In the ten years that have passed since my sister, Alexandra Anglade’s death I’ve watched my mother, Jocelyne Marie Joseph undergo a series of metamorphosis in which she went from being depressed and livid with the world to now being at piece through all of the things she’s been through.
Ten years later and I no longer live at home with her but I do know that where she was mentally and emotionally during the holidays in 2007 is not the same woman she is now. During that time frame I remember seeing my mother look worn and defeated. Without question it was definitely the lowest that she had ever been in her life. Both as a mother and a woman, I’m sure. At that time, I felt hopeless watching her suffer and endear the pain she was forced to live with. Being that I was only sixteen at the time, I knew she was going through it but still watched with curiosity.
Looking back, I think I was subconsciously taking notes as I watched my own parent deal with such adversity and pain that she had never experienced before. The circumstance was surreal, without question, but there is something interesting to gain and learn from watching a parent roll with the punches and adapt to an unwelcomed predicament.
Included below, is the final excerpt from last year’s Life Comes From Concrete 1.5 which details my personal account of watching my mom battle and wrestle with the fact of having to push forward in life without her first born…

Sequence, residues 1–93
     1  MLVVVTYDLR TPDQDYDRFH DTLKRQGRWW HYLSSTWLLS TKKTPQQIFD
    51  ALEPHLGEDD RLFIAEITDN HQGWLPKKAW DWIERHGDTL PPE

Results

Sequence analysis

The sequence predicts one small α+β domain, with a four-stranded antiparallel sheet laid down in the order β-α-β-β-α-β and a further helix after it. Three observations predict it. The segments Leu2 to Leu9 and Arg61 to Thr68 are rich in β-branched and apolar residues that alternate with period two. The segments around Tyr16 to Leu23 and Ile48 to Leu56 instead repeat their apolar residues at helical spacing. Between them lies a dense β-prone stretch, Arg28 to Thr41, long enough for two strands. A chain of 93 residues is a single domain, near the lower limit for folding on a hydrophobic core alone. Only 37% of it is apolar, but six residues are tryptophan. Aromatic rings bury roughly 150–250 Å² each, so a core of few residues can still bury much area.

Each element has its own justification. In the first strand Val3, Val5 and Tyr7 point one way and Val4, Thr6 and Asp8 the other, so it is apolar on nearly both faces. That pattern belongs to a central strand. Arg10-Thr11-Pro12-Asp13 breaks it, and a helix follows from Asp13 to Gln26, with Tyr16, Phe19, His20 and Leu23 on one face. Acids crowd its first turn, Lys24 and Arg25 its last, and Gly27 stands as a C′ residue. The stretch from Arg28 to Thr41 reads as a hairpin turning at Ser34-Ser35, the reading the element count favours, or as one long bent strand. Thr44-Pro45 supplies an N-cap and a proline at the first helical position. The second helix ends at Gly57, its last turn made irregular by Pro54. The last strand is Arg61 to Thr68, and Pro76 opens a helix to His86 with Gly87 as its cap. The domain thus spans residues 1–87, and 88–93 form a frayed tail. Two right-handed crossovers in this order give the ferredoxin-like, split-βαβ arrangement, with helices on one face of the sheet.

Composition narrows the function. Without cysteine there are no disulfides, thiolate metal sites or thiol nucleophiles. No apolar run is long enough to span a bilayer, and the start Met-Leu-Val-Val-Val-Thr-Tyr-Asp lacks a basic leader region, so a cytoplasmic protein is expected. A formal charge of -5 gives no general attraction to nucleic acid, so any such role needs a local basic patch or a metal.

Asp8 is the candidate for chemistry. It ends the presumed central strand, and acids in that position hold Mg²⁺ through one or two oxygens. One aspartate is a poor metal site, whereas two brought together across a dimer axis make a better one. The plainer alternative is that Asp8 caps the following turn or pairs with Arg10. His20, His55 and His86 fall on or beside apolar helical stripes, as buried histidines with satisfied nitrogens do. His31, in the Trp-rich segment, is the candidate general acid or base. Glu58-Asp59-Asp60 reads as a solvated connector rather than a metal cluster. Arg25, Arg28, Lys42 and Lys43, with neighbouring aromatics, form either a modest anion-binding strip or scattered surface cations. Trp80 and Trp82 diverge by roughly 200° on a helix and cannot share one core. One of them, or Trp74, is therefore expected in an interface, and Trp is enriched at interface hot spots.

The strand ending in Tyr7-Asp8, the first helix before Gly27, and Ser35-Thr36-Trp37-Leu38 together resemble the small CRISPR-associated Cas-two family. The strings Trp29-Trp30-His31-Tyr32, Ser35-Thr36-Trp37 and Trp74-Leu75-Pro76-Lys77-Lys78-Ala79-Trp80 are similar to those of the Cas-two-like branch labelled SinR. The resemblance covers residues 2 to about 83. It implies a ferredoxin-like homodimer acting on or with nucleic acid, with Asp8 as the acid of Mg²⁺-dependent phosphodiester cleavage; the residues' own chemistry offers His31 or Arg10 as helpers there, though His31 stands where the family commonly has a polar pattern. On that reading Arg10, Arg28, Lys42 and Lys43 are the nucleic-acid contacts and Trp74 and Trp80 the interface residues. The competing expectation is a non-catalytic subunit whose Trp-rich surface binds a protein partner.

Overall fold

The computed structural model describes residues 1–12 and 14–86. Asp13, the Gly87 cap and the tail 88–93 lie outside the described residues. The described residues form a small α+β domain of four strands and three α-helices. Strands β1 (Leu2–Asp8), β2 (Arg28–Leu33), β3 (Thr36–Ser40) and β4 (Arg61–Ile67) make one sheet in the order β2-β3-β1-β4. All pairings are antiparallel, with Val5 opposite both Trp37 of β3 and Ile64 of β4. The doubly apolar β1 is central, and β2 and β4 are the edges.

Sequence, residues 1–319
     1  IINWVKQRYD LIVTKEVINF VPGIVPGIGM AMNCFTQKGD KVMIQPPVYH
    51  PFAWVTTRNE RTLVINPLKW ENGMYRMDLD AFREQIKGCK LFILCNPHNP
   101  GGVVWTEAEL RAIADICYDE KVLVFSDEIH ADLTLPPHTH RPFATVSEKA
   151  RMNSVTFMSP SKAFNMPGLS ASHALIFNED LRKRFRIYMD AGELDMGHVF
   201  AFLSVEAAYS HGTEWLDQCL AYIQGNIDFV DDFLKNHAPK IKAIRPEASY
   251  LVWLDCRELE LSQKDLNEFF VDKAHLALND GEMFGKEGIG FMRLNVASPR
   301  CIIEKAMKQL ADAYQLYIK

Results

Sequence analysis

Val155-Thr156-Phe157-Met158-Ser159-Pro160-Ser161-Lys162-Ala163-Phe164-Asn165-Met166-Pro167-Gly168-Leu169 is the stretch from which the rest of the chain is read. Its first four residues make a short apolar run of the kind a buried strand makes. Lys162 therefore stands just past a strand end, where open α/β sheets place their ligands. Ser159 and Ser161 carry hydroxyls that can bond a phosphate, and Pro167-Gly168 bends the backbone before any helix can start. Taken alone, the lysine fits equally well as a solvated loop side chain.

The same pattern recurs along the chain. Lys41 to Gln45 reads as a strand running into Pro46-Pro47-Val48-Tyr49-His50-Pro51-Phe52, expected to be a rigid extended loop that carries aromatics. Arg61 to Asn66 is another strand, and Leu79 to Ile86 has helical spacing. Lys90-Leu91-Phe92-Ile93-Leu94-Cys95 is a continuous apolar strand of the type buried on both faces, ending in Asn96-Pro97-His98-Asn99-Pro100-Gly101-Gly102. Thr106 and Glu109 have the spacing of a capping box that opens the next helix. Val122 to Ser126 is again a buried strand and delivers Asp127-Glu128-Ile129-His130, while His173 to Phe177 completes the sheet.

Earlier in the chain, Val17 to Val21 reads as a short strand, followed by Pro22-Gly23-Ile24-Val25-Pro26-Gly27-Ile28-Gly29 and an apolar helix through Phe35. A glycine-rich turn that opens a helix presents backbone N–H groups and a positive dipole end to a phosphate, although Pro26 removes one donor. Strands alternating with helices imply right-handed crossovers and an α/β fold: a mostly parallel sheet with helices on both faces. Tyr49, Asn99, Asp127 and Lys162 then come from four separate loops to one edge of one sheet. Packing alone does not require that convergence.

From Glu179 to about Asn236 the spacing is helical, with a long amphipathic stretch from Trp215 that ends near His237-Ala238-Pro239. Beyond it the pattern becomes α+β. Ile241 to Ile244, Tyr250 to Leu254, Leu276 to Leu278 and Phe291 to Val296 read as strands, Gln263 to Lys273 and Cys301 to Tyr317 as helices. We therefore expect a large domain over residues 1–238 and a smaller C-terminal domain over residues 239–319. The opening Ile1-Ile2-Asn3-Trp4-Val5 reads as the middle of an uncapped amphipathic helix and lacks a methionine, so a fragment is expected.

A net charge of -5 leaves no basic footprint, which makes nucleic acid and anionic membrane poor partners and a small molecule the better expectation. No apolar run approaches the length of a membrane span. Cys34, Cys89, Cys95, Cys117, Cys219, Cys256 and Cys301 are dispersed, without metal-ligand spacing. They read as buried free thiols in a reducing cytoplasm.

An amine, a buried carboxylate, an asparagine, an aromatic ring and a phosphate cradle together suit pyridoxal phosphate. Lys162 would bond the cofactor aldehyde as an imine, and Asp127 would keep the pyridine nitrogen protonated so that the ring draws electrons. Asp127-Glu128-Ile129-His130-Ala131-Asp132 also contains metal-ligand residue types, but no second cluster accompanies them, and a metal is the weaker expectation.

This final piece, although brief, entails what exactly my mother has been dealing with since 2007. Throughout this entire section you’ve come across the burdens and heartaches that I’ve been challenged with in generally a short amount of time, but the person I applaud in terms of getting through these countless ordeals constantly is my mother. Without her, I really don’t know where my sister, Samantha and I would be.
My mother, Jocelyne Marie Joseph, has always been a kind and thoughtful person. In fact, everyone who I have come across in my short existence thus far, appreciates and loves her as an individual. Sometimes people wonder what she’s thinking internally because she rarely spoke her mind unless there was something of grand importance to say.
I remember not long after the passing of my sister Alexandra, my mom had become severely depressed. I honest to God didn’t think much about how the situation affected her but it wasn’t until I spoke to my grandmother about it, that I finally began to understand the issues my mother was dealing with. I remember sitting down with my grandmother one time in the kitchen and she said,
“Kevin, let me tell you something. A mother should never have to bury her own child. Just imagine, you take care of the child, you feed her, clothe her, take her to school, and discipline her. Do you know how hard it is to lose that? Especially the very first one?”
After hearing what my grandmother had to say on the matter, I couldn’t help but understand what she was getting at. After all, she had lost one of her very own daughter’s named Jeanette just when I was born.
Listening to my grandmother speak upon the dilemma, although I couldn’t personally relate, I nonetheless did my best to empathize and feel what my mother felt from a parental perspective. A parent is supposed to have a child bury them, not the other way around. And from that point forward, I watched my mother become a bitter individual right before my very own eyes. Often more times than not, I thought she would never be cheerful again.